However, there are other school corporations that have been hit much harder. For example, consider the Hamilton Southeastern School Corporation. Their circuit breaker impact for 2014 was an enormous $3,141,623 — over $3M to cut from the school budget just in 2014 as a result of the tax caps! Per the National Center for Educational Statistics, the Hamilton Southeastern School Corporation has around 19,053 students — meaning a $164.89 cut per student from the tax caps. In comparison, the Richland-Bean Blossom School Corporation has 2770 students, meaning that the circuit breakers cost only $45.95 per student.

In conclusion, we are fortunate in Monroe County to have high property values and low tax rates, which work together to keep the impact of the circuit breakers low — even in the more highly-taxed Ellettsville taxing districts. However, even a $100K cut — essentially a $100K unfunded mandate — can seriously hurt. And we should stand behind our fellow school districts, and other units of government, that are facing backbreaking unfunded mandates that can seriously jeopardize their ability to provide basic services.

Circuit Breakers, Protected Taxes, and Idled School Buses

Very interesting article in the Indiana Business journal this week about the negative impact of recent changes in Indiana property tax legislation on schools:

A little background first: Indiana school corporations are funded through several different property tax levies, none of which are (with a few exceptions) interchangeable. Ever since the property tax circuit breakers (AKA “1%-2%-3% property tax caps”) were put in place, these levies have been divided into two categories: exempt and non-exempt. Exempt levies are those that are are outside of the circuit breaker (i.e., not subject to the circuit breaker tax caps), and consist of operating levies and debt service levies passed by referendum.  Non-exempt levies are all of the rest: debt service, pension debt, capital projects, transportation, and school bus replacement levies.

When all combined levies for a particular taxpayer exceed the circuit breaker limits (1% for homestead owners, 2% for multi-family residential and agricultural, and 3% for business), the overage must be cut from the levies of all of the taxing units that contributed to the combined levies (i.e. county, city, township, school corporation, public library, etc.).  Until 2012, taxing units had some flexibility as to which levies they applied the circuit breaker losses to. For schools, this meant that they could spread the circuit breaker losses among their various funds. Note that all debt payments still had to be made first before funds were allocated anywhere else — but the school corporation still had the flexibility to spread the circuit breaker cuts among all of the levies as long as the debt payments were made according to the terms of the bonds.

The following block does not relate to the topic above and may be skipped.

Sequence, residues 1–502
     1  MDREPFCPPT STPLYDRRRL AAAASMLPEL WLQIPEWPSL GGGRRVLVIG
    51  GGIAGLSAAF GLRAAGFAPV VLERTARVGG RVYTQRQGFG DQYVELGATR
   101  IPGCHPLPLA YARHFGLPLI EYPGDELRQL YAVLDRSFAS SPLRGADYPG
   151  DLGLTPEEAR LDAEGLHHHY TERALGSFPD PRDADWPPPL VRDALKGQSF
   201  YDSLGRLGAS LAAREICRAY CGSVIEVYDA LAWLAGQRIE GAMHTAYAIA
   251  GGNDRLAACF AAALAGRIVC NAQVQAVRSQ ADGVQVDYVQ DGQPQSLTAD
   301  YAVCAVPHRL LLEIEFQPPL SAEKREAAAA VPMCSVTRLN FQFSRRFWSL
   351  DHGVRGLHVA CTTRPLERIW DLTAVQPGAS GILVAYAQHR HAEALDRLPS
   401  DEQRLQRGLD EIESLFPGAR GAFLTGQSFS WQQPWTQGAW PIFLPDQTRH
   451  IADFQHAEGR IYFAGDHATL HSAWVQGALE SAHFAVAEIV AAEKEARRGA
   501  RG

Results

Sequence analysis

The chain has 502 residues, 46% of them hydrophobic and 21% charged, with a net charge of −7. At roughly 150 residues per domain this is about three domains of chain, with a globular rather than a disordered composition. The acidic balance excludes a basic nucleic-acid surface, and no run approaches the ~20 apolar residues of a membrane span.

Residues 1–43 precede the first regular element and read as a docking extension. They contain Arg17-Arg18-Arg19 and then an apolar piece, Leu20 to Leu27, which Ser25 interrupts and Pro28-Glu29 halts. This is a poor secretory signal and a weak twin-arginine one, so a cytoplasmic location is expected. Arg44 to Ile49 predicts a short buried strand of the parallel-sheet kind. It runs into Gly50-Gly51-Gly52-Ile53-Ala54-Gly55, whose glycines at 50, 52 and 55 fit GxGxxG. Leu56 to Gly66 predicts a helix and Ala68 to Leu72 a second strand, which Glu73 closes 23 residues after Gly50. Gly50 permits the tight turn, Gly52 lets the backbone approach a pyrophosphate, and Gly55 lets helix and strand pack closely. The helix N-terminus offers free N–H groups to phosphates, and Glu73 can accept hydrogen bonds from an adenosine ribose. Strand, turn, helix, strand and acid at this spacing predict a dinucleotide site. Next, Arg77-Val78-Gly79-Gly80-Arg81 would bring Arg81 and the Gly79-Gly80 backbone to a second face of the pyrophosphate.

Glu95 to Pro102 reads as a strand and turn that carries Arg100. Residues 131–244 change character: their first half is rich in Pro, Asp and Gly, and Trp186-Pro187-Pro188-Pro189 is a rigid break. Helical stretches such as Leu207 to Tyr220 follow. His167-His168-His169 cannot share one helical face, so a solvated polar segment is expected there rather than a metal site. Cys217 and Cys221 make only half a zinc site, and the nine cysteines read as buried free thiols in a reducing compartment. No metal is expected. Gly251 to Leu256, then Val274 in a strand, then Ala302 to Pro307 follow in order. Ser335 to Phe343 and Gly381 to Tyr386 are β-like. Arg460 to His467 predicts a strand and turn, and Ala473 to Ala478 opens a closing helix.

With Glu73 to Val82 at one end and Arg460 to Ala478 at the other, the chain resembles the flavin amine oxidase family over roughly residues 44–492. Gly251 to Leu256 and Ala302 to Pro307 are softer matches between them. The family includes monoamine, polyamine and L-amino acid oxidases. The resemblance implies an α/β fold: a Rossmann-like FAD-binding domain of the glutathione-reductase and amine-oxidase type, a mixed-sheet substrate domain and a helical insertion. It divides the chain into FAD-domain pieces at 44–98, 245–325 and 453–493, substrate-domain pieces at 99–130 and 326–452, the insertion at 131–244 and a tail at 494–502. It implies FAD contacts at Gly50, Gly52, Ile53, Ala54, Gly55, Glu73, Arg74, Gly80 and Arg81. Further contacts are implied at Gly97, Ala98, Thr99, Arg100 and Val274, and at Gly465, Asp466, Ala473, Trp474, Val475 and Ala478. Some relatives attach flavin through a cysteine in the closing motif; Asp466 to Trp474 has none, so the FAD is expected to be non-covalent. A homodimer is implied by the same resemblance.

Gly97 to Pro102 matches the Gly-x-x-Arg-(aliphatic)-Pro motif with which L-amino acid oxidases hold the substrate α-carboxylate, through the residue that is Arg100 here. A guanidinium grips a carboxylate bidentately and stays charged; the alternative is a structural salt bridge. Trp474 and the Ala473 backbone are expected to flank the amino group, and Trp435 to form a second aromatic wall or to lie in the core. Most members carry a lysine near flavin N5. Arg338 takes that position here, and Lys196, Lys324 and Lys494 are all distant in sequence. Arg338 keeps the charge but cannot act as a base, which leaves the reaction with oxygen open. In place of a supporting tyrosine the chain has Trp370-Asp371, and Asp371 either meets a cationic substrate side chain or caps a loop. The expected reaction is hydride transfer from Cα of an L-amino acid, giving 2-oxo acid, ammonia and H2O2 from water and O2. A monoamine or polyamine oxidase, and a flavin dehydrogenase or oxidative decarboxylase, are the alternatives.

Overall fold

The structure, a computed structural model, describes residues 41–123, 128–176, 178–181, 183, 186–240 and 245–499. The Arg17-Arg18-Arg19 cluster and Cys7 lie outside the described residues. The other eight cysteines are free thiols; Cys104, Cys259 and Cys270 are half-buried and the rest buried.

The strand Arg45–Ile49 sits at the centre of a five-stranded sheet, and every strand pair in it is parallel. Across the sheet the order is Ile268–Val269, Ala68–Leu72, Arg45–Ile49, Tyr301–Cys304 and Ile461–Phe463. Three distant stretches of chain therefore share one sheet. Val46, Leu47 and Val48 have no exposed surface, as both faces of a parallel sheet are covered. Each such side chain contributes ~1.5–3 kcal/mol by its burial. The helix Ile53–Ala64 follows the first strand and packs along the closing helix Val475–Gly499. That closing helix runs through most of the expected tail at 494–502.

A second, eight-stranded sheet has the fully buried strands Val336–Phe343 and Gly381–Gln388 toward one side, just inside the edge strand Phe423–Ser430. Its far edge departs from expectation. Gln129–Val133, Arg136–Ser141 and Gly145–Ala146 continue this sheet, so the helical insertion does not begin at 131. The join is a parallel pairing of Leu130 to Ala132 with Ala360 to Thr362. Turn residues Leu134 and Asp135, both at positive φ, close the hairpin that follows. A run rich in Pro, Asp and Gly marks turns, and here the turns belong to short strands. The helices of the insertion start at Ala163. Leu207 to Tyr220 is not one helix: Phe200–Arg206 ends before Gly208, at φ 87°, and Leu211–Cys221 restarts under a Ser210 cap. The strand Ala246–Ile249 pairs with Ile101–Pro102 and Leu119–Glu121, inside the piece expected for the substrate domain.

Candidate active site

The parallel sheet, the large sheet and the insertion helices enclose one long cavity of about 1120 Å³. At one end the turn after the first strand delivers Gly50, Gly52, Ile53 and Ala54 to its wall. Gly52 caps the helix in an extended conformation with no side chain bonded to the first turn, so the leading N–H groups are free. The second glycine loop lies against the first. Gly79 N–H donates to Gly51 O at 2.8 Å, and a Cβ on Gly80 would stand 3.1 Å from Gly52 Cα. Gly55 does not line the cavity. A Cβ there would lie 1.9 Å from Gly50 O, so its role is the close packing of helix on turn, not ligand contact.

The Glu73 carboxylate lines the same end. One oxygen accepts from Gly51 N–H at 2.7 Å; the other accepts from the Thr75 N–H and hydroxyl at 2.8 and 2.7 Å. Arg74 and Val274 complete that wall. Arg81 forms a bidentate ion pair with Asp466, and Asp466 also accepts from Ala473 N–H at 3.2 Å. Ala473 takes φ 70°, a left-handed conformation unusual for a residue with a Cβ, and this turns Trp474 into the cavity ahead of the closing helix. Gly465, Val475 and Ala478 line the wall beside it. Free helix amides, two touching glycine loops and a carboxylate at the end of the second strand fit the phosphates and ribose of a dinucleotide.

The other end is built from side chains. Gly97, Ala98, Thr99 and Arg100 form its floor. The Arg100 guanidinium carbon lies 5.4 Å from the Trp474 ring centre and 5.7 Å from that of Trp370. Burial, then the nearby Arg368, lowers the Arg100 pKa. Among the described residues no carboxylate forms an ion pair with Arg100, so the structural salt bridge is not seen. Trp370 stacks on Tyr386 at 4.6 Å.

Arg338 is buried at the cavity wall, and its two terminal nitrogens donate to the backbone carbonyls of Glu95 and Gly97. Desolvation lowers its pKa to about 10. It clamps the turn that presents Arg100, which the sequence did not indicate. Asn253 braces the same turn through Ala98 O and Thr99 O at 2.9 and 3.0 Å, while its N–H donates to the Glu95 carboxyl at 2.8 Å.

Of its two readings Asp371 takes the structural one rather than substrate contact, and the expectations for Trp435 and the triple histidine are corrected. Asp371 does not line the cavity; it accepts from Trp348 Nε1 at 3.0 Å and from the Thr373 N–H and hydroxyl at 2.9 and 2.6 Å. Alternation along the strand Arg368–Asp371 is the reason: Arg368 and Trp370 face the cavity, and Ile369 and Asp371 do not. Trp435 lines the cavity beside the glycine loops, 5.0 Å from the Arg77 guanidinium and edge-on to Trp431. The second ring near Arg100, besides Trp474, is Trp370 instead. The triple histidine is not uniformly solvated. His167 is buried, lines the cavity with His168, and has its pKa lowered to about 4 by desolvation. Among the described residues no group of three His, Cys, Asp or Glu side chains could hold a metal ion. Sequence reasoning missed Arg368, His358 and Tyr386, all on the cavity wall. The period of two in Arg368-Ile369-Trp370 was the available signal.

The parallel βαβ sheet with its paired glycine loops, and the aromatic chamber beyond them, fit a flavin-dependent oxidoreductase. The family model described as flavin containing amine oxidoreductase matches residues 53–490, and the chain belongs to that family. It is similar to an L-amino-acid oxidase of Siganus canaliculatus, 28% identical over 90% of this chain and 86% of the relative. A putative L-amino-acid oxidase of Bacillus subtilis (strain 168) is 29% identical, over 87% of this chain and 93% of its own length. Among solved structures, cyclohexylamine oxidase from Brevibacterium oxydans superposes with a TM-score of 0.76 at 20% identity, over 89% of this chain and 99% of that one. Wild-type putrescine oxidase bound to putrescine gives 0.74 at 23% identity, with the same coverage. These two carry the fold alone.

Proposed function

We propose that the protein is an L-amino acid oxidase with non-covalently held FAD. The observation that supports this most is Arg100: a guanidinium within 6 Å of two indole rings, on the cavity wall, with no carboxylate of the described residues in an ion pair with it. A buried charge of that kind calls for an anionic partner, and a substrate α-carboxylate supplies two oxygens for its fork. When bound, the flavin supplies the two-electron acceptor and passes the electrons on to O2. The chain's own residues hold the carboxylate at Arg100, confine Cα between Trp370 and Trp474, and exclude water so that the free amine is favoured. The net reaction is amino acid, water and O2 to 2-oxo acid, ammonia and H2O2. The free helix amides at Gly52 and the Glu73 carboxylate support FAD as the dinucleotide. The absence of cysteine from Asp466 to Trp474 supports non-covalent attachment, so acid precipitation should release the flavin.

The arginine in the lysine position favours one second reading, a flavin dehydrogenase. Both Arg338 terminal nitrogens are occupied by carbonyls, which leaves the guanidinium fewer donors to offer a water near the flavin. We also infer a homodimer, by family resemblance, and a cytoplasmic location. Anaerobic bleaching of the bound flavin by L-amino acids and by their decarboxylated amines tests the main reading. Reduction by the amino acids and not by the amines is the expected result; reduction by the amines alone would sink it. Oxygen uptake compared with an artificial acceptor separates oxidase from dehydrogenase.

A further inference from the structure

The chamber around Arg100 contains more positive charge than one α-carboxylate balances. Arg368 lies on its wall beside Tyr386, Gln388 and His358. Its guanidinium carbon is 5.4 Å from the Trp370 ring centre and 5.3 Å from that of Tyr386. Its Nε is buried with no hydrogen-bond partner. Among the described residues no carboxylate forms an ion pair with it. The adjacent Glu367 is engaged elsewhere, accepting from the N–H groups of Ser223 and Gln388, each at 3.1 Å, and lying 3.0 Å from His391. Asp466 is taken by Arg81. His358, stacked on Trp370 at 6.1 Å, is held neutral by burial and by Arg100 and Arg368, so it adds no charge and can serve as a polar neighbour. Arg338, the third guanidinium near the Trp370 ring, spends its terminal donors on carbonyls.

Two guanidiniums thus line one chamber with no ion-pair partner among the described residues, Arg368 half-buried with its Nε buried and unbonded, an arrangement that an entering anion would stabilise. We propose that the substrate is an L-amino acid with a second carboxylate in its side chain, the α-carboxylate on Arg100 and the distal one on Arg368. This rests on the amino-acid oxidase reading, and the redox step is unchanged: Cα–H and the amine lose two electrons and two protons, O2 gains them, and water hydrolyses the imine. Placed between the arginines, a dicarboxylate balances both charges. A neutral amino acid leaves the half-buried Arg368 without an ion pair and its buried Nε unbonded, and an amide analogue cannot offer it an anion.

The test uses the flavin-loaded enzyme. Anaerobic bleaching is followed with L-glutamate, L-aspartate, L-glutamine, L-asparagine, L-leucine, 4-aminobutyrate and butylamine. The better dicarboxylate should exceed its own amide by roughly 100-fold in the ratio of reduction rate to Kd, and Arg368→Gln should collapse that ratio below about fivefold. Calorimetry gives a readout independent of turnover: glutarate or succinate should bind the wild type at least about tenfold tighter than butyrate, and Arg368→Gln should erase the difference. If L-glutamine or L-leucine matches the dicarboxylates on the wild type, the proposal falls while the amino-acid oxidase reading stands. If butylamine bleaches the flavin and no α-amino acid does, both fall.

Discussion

Legislation in 2012 created a new category of property tax levy: protected. Debt service and pension debt levies (both of which are non-exempt, meaning that they are subject to the circuit breaker caps) are now considered protected, meaning that these levies must be fully funded before any circuit breaker cuts are applied.  This greatly reduces the flexibility that school corporations have had in spreading the circuit breaker losses among their various levies to minimize the disruption to operations of the schools. Further, this legislation doesn’t actually accomplish anything — schools were already required to prioritize debt payment before anything else — it simply makes school corporations overfund debt service levies at the expense of non-protect levies: capital projects, transportation, and school bus replacement.

This article describes the impact of this change on a number of Indiana school corporations, who now have to face the very real possibility of reducing or eliminating school bus service, or deferring critical maintenance on school properties in order to fully fund debt service levies even beyond what is actually necessary to make debt payments.

There is some hope that the General Assembly might address this issue of protected taxes during the 2014 session; several bills have been filed in both the House and Senate to address this issue. However, these school districts mentioned in the article are merely fighting for the ability to mitigate the impact of these state-mandated cuts to their budget. The bigger story is the impact of the circuit breaker itself on school budgets. Despite all of the rhetoric about the criticality of education to the economy of Indiana, no legislators seem to be interested in making a serious attempt to roll back these property tax caps that have devastated many of our schools in Indiana.